Scientists can now produce electricity from tears

October 2, 2017, University of Limerick
Aimee Stapleton, Irish Research Council EMBARK Postgraduate fellow at University of Limerick, Ireland and lead author of The Direct Piezoelectric Effect in the Globular Protein Lysozyme published in Applied Physics Letters, October 2017. Credit: Sean Curtin, TrueMedia.

A team of Irish scientists has discovered that applying pressure to a protein found in egg whites and tears can generate electricity. The researchers from the Bernal Institute, University of Limerick (UL), Ireland, observed that crystals of lysozyme, a model protein that is abundant in egg whites of birds as well as in the tears, saliva and milk of mammals can generate electricity when pressed. Their report is published today (October 2) in the journal, Applied Physics Letters.

The ability to generate electricity by applying pressure, known as direct piezoelectricity, is a property of materials such as quartz that can convert mechanical energy into electrical energy and vice versa. Such materials are used in a variety of applications ranging from resonators and vibrators in mobile phones to deep ocean sonars to ultrasound imaging. Bone, tendon and wood are long known to possess piezoelectricity.

"While piezoelectricity is used all around us, the capacity to generate electricity from this particular protein had not been explored. The extent of the piezoelectricity in crystals is significant. It is of the same order of magnitude found in quartz. However, because it is a biological material, it is non toxic so could have many innovative applications such as electroactive, anti-microbial coatings for medical implants," explained Aimee Stapleton, the lead author and an Irish Research Council EMBARK Postgraduate Fellow in the Department of Physics and Bernal Institute of UL.

Crystals of lysozyme are easy to make from natural sources. "The high precision structure of has been known since 1965," said structural biologist at UL and co-author Professor Tewfik Soulimane. "In fact, it is the second protein structure and the first enzyme structure that was ever solved," he added, "but we are the first to use these crystals to show the evidence of piezoelectricity".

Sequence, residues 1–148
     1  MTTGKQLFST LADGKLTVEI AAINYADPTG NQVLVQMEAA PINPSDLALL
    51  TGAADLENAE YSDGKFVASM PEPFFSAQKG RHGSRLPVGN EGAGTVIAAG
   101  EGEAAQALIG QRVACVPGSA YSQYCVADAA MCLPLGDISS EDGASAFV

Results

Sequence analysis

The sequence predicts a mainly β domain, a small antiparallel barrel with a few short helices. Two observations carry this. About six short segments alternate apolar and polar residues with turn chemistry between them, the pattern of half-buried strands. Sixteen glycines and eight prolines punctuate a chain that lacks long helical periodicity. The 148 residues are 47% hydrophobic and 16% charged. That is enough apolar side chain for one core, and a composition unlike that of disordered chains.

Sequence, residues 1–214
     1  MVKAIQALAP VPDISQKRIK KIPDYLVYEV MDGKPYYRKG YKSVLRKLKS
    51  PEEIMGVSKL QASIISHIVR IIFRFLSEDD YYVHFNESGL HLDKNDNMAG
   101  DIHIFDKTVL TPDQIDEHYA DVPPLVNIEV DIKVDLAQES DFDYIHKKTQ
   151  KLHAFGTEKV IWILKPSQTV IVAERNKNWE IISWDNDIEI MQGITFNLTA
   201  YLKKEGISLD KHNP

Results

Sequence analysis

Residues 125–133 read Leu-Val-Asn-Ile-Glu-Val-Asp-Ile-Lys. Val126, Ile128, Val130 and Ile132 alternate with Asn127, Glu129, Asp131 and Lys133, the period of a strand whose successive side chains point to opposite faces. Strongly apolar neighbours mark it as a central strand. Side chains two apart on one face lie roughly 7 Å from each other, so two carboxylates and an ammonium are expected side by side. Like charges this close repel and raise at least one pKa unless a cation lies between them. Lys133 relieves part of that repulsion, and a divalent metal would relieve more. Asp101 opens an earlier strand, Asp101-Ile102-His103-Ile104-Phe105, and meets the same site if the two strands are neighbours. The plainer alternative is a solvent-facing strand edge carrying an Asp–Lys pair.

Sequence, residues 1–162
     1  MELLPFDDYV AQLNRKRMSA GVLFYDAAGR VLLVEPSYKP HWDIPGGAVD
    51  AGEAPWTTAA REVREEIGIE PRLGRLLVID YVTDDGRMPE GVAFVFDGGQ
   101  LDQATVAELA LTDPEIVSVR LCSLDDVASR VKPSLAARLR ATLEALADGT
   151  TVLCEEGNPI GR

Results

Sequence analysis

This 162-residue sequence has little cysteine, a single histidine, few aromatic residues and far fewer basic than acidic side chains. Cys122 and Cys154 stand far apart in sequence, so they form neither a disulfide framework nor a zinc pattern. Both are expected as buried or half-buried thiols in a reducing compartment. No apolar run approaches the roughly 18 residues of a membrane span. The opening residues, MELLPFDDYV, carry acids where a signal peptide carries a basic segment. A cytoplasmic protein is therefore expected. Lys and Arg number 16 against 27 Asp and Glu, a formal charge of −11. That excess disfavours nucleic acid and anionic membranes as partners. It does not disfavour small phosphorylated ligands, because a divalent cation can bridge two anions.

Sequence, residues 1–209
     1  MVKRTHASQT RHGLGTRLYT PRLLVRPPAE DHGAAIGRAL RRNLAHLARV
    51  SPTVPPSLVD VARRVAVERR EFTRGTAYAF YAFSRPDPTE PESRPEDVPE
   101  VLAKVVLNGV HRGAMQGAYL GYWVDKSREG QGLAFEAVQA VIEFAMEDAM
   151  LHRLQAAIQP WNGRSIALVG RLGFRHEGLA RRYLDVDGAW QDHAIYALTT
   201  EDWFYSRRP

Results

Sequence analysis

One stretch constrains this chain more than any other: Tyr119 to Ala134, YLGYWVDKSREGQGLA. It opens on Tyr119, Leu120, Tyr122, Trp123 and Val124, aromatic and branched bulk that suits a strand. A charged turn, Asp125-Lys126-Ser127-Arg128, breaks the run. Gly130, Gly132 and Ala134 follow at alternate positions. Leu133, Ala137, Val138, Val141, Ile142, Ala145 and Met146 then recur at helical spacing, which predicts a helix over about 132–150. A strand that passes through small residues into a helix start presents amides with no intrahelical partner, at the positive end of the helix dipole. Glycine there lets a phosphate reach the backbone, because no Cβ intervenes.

The authors of The Direct Piezoelectric Effect in the Globular Protein Lysozyme (L to R) John Sweeney, Aimee Stapleton and Vincent Casey of University of Limerick. Credit: Sean Curtin, TrueMedia.

According to team leader Professor Tofail Syed of UL's Department of Physics, "Crystals are the gold-standard for measuring piezoelectricity in non-biological materials. Our team has shown that the same approach can be taken in understanding this effect in biology. This is a new approach as scientists so far have tried to understand piezoelectricity in biology using complex hierarchical structures such as tissues, cells or polypeptides rather than investigating simpler fundamental building blocks".

The discovery may have wide reaching applications and could lead to further research in the area of energy harvesting and flexible electronics for biomedical devices. Future applications of the discovery may include controlling the release of drugs in the body by using lysozyme as a physiologically mediated pump that scavenges energy from its surroundings. Being naturally biocompatible and piezoelectric, lysozyme may present an alternative to conventional piezoelectric energy harvesters, many of which contain toxic elements such as lead.

Aimee Stapleton, IRC EMBARK Postgraduate Fellow at University of Limerick and lead author of The Direct Piezoelectric Effect in the Globular Protein Lysozyme published on October 2 in Applied Physics Letters. Credit: Sean Curtin, True Media.

Professor Luuk van der Wielen, Director of Bernal Institute and Bernal Professor of Biosystems Engineering and Design expressed his delight at this breakthrough by UL scientists. "The Bernal Institute has the ambition to impact the world on the basis of top science in an increasingly international context. The impact of this discovery in the field of biological will be huge and Bernal scientists are leading from the front the progress in this field," he said.